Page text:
The ForkBomb Tattoo

This doesn't count for much, but I think this is one of the cleverest, geekiest, most elegant tattoos I've ever seen. Carving an Apple, Cisco or Nike Logo onto your body? That's really quite sad. But this is something different:

Why do I like it?

I think it's about as attractive as a code type tattoo is going to get

The proportions are well balanced, and there's a nice visual rhythm in there - this is largely down to the choice Bitstream Sans Mono, the typeface used for this. This typeface is a well loved font in programmer circles, who spend hours staring at monospace fonts - a lovely touch.

It's actually executable code

This particular incantation has its own story too - this cryptic combination of symbols is a working example of a forkbomb, and was presented as a piece of open source art back in 2002, by Denis Jaromil Rojo, an Italian Rastafarian developer and media activist now residing in Amsterdam. A forkbomb is a piece of self replicating code that when called, start forking itself relentlessly, until it consumes all the resources on a computer system, rendering it unusable.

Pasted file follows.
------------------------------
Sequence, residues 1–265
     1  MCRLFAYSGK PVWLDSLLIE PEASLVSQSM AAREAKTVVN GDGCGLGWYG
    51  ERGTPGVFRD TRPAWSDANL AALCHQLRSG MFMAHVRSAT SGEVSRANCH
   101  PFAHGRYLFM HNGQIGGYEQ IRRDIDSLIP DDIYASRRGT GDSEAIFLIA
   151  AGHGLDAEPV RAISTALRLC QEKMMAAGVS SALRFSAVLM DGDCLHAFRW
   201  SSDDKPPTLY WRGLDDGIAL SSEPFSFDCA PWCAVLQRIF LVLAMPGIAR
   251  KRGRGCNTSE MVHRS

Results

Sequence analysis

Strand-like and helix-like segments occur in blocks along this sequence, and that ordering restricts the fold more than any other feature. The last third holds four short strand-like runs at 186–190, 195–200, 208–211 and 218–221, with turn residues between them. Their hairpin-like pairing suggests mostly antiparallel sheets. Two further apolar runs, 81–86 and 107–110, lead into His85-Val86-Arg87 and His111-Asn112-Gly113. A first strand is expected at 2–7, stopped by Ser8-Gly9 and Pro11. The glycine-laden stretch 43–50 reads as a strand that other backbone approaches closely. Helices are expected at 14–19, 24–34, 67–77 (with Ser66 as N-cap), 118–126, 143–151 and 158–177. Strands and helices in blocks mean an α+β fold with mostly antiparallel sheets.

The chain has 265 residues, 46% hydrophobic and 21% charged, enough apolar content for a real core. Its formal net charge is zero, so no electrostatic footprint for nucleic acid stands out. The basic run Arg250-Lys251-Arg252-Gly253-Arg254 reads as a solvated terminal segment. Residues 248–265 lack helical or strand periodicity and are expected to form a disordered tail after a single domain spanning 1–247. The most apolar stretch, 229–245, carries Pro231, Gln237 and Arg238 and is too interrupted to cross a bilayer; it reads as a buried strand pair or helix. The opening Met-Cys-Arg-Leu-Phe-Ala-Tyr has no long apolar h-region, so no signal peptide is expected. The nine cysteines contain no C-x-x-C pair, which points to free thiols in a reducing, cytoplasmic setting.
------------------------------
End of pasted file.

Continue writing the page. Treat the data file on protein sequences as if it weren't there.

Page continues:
For the terminally curious, here's how it works:

:()      # define ':' -- whenever we say ':', do this:
{        # beginning of what to do when we say ':'
    :    # load another copy of the ':' function into memory...
    |    # ...and pipe its output to...
    :    # ...another copy of ':' function, which has to be loaded into memory
         # (therefore, ':|:' simply gets two copies of ':' loaded whenever ':' is called)
    &    # disown the functions -- if the first ':' is killed,
         #     all of the functions that it has started should NOT be auto-killed
}        # end of what to do when we say ':'
;        # Having defined ':', we should now...
:        # ':', initiating a chain-reaction: each ':' will start two more.

More on Forkbombs here.

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